Metastasis of renal cell carcinoma to jaw should also be considered in the differential diagnosis of CCOC. These patients may have a history of a renal mass, or the metastasis to the oral cavity may be the first indication of a malignancy . The metastatic renal cell carcinoma will be positive for PAX8, CD10, and CAIX in contrast to CCOC and negative for EWSR1 rearrangement.
The case described here originated from the jaw, negative for PAS-D, and positive for PAS and EWSR1 rearrangement, ruling out the aforementioned differential diagnoses. In conclusion, we report a rare form of jaw neoplasm “clear cell odontogenic carcinoma” with a propensity for invasiveness, destructive nature, and facial disfigurement if left untreated in a Nigerian patient harboring EWSR1 rearrangement.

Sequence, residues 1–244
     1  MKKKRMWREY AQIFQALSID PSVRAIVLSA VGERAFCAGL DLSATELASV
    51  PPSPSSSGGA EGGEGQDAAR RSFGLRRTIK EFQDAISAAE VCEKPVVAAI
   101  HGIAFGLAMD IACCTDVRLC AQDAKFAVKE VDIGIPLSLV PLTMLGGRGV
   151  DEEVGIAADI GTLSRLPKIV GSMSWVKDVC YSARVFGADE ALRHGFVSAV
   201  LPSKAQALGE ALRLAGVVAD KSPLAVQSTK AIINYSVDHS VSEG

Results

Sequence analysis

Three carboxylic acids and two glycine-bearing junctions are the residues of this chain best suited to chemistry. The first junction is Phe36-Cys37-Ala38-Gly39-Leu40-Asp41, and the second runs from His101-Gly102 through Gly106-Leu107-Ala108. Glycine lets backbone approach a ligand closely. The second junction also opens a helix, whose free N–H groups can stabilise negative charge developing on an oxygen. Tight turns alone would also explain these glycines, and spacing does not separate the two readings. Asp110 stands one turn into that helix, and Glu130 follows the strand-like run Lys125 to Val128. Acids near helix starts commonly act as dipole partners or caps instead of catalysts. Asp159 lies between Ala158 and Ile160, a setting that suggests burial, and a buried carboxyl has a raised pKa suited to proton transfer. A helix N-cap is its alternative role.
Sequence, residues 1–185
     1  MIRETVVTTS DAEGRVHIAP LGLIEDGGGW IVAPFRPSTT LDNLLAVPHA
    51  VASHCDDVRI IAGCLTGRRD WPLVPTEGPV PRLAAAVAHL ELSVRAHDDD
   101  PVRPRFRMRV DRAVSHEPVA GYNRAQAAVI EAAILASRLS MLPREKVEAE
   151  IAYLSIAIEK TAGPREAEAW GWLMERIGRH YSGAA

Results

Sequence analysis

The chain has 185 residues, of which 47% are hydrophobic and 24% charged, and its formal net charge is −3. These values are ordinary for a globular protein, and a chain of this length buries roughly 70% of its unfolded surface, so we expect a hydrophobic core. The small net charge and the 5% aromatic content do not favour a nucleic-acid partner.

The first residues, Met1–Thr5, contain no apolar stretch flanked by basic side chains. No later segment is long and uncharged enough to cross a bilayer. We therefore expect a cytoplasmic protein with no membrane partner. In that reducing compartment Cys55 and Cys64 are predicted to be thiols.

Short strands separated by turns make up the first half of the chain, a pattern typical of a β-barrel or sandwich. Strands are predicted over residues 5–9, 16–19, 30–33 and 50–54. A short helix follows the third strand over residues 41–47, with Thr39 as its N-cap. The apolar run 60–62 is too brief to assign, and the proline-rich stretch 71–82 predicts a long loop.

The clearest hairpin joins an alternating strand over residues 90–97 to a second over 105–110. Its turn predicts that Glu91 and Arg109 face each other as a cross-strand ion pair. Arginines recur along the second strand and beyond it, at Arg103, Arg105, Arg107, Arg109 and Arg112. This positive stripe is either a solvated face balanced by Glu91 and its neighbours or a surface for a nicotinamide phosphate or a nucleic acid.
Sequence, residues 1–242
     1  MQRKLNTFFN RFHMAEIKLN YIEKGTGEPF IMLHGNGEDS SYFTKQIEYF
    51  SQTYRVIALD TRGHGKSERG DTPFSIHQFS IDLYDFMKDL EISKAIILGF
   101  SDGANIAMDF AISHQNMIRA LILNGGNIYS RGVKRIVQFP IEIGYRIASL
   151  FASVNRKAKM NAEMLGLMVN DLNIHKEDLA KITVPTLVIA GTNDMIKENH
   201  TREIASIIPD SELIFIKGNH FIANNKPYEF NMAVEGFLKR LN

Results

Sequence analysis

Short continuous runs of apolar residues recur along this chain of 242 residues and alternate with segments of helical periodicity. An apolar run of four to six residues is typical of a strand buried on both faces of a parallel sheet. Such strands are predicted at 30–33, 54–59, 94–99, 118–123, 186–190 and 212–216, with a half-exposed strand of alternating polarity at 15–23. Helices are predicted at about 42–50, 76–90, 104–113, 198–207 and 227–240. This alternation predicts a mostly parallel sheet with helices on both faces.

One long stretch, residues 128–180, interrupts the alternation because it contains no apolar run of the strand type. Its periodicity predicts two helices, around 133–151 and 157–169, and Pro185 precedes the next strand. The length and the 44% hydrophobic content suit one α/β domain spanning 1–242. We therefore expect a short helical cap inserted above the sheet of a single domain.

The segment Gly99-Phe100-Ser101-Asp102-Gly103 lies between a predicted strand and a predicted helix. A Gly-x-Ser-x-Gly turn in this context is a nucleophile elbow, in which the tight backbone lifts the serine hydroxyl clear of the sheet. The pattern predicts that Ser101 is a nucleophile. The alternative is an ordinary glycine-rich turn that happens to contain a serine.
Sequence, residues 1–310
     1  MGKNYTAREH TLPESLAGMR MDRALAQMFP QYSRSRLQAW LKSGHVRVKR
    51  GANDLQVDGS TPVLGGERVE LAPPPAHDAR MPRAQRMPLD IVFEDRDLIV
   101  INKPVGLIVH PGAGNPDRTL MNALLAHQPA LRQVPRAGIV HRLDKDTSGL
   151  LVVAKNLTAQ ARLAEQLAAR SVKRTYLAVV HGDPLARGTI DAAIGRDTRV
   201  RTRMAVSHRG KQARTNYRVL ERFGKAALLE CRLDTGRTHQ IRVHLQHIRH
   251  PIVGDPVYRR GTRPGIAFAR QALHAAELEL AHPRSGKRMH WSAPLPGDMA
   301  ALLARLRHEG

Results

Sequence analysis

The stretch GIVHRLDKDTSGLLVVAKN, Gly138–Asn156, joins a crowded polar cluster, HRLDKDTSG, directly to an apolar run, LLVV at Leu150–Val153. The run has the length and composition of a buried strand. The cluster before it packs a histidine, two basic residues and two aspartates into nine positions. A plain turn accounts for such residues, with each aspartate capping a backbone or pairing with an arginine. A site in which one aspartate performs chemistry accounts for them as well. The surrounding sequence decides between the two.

No data were used to support this study.
The funding source has no role in conceiving and performing the study.
Conflicts of Interest
The authors declare that they have no conflicts of interest.
Adepitan A. Owosho and Chukwubuzor Okwuosa are coequal first authors.